Natural Disasters vs. Man-made Disasters – A Better Taxonomy?
We’re always bombarded with news about natural disasters, acts of god and stories of the wrath of mother nature. It’s a recurring meme in the public discussion about disasters and even amongst disaster management experts.
But we know that so called “natural disasters” aren’t really natural – disasters are a social phenomenon – they need something to impact on before . Even talking about natural and anthropogenic hazards doesn’t really work very well. Human practices around land-clearing and vegetation management have a significant influence on floods and bushfires. Landslides that impact on human development are very often due to modifications made to slopes. And before we started building fragile structures earthquakes would have been a curiosity like solar eclipses. Then there’s climate change – we’re beginning to drive change in the natural processes that govern many hazards.
Is there a better way for talking about hazards and disasters that goes beyond this false dichotomy?
One concept that I’ve been introduced to recently is the idea of policy domains and policy communities. A policy community is the group of all the participants in the policy making and implementation process for a particular subject. Some players are only concerned with one policy area (such as engineering seismologists) whilst others are concerned with many policy areas (such as meteorologists or disaster recovery experts).
To see how this concept could be used in categorising hazards I used Gephi to build a map of various hazards and how their policy communities are connected. For example blizzards and heatwaves are connected because they both relate to meteorology and climate – there’s overlap in their policy community. An engineer may work in both the earthquake policy community, the dam failure policy community and the structural collapse policy community and so on. This is a very subjective process, without data on how experts in various fields are connected (using say LinkedIn), this is really just built on what I think. But let’s see if we can pull some groups of hazards out of this map:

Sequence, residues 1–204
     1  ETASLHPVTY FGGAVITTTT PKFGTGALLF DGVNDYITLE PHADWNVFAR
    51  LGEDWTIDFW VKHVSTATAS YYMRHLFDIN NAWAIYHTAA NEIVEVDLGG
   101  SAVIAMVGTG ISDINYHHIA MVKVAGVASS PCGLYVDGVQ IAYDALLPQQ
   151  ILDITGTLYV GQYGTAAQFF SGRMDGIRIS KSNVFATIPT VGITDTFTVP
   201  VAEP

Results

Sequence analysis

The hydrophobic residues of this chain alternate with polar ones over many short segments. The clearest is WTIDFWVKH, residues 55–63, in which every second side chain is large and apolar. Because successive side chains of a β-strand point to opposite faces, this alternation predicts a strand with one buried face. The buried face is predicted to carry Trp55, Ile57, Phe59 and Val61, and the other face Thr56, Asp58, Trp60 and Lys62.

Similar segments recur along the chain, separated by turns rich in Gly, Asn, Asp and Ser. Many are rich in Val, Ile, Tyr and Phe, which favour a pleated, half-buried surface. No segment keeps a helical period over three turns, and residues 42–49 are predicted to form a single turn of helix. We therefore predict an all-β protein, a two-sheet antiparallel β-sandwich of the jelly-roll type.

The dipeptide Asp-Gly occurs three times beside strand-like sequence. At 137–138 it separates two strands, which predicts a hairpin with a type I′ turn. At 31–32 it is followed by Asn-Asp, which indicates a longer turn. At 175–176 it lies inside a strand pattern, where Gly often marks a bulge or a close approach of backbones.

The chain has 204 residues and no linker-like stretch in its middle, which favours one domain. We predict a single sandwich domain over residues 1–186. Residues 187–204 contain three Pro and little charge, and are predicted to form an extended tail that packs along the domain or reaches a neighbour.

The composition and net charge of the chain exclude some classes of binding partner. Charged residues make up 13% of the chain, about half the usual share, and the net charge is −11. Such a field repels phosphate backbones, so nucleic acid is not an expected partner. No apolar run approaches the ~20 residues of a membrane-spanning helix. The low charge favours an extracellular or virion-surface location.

Based on the connections between the different policy communities I’ve pulled out three separate broad policy domains:
Settlements – this comprises most of the traditional natural hazards policy domain, but adds in a few other engineering related hazards such as structural collapse (which has huge overlaps with policy domains like earthquake) and dam failure (which could almost be considered a sub-speciality of the flood policy domain). The drivers and mitigation options for these hazards relate to where and how we build our houses, neighbourhoods and cities.
Society – this comprises human health, human security and agricultural hazards. This is a pretty diverse set of hazards (as evidenced by their sparse connections) but they mostly relate to people and societies. It could be broken up a bit further, but for simplicity I’ve grouped them.
Economy – this group has industrial/technological accidents, transport accidents and utilities failures, there’s pretty big overlap with terrorism (which I placed in the societal group) and a number of the Settlements policy domains. Most of these hazards relate to economic activity in the modern age and comprise most of the traditional anthropogenic hazards policy domain. I think that labelling this group Economy is instructive as it reminds us that the so-called ‘human-caused’ disasters aren’t caused by people per se, but the productive activities we do and the materials and technologies used in them. It’s this group of hazards that have evolved the fastest and continue to evolve rapidly.
So let’s forget natural hazards and anthropogenic hazards – how about Settlement hazards, Societal hazards and Economic hazards?